A ban on press coverage of a conference issued by a branch of the populist AfD party has dumbfounded many. Journalist groups and others in Stuttgart's assembly accuse the AfD of spurning a basic democratic practice.
The Baden-Württemberg branch of the Alternative for Germany (AfD) party told the media Wednesday that its 12-member executive had decided that reporters could not attend next Sunday's conference session to pick candidates.
Germany's federal parliament is up for election next September. Candidate selection is underway in many political parties, including the center-left Social Democrats and Chancellor Angela Merkel's Christian Democratic Union.
Some 600 AfD members are expected from Saturday to pack into city hall at Kehl - on the Rhine River (pictured above) - opposite Strasbourg, France - while police oversee protests outside.
The regional AfD, whose 22 deputies make up the largest opposition bloc in Baden-Württemberg's (BW) assembly in Stuttgart, was told by its federal co-leader Jörg Meuthen on Wednesday that he would have "voted against" the AfD executive's ban on media coverage.
Meuthen is simultaneously the AfD faction leader in Stuttgart's assembly - though not a member of the AfD's state executive - while also being national party leader, alongside Frauke Petry.
AfD regional chairman Lothar Maier said his executive had reached its decision to exclude the press when it met on Tuesday.
Stuttgart probe into verbal outburst
That coincided with an inquiry launched by the Stuttgart assembly's administration against AfD's parliamentarian for Kehl, Stefan Räpple, who on the fringes of debate last Thursday described other deputies as "betrayers of the nation."
Manuel Hagel, the general secretary of the Christian Democrats (CDU), which in March was relegated to being junior partners in a Greens-led state government, described the AfD as hardly fit for "daylight" democracy.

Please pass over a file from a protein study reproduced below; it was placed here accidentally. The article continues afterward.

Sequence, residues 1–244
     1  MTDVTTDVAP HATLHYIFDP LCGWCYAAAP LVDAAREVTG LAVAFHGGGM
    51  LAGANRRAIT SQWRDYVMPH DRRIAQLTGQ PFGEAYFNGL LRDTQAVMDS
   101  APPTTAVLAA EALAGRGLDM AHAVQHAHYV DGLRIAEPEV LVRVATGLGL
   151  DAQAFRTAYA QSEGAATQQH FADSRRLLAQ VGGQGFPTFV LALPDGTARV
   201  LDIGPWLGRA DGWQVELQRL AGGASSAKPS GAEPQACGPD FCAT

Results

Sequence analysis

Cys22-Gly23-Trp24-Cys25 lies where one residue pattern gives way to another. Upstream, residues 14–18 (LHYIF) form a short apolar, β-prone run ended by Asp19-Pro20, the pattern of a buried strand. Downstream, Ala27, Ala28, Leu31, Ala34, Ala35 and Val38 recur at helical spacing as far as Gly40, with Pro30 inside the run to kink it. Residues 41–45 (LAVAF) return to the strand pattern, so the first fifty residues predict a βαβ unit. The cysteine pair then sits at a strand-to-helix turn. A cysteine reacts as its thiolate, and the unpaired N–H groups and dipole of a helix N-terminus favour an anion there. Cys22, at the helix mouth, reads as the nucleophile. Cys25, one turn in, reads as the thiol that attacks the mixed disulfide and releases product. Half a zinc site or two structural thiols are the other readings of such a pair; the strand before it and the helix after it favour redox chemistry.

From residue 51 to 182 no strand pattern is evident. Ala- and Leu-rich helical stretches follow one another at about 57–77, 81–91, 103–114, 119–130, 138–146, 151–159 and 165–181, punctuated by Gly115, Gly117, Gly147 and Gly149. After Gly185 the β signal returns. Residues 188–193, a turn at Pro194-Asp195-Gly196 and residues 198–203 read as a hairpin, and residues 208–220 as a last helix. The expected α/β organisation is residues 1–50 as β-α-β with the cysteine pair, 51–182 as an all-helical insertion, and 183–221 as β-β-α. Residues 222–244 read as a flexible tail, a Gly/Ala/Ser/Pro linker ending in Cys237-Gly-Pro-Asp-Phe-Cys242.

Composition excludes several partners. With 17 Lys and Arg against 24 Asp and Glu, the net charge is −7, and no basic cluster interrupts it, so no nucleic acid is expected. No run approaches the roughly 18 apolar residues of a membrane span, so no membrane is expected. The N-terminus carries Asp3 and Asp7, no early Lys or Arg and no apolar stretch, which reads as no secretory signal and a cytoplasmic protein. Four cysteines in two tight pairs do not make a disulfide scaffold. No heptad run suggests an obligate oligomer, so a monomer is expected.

Greens regional leader Thekla Walker accused AfD conference-goers of wanting to deny BW citizens of the opportunity to experience "what crude and frequent hate-filled speeches are held in its ranks."
A journalist network that has coordinated parliamentary media coverage in Stuttgart since 1954, the so-called Landespressekonferenz (LPK), said the AfP's media invitation cancellation had caused "great consternation."
"We see in it a massive intervention in free reporting," said LPK chairperson Barbel Schlegel, herself a Stuttgart-based radio correspondent.
"It [unhindered reporting] belongs, in our opinion, to the fundament of a democratic culture; that the public can be informed independently and without hindrance, how parties position themselves politically and how they prepare for elections."
"It is downright laughable that the Baden-Württemberg AfD wants to exclude journalists and present them with pre-filtered information at a press conference," said Frank Überall, the chairman of the German DJV journalist trade union.
Überall said the AfD continued to exhibit a poor understanding of the role of journalists in a democracy. Some months ago, the AfD in North-Rhine Westphalia branch had planned such an exclusion only to drop it at in the last minute.
For Sunday, the AfD has only scheduled its own press conference for 2 p.m., local time, telling media representatives they were "warmly invited" to attend that event.
Rancor behind closed doors
DJV regional chairperson Dagmar Lange said the AfD only wanted agreeable aspects to "come to light" and not the persistent rancor rumored within AfD circles.
In Stuttgart's assembly last July, the AfD split into two parliamentary factions in a row over anti-Semitic allusions made by one of its deputies, Wolfgang Gedeon.
The two AfD factions reunited in early October, with Meuthen as its chairman.
Kehl city authorities said Tuesday the precinct around city hall, including streets, parking lots, and bus routes, would be overseen by police. An anti-AfD demonstration was planned by the Social Democrats' (SPD) youth branch.
ipj/sms (dpa, AFP)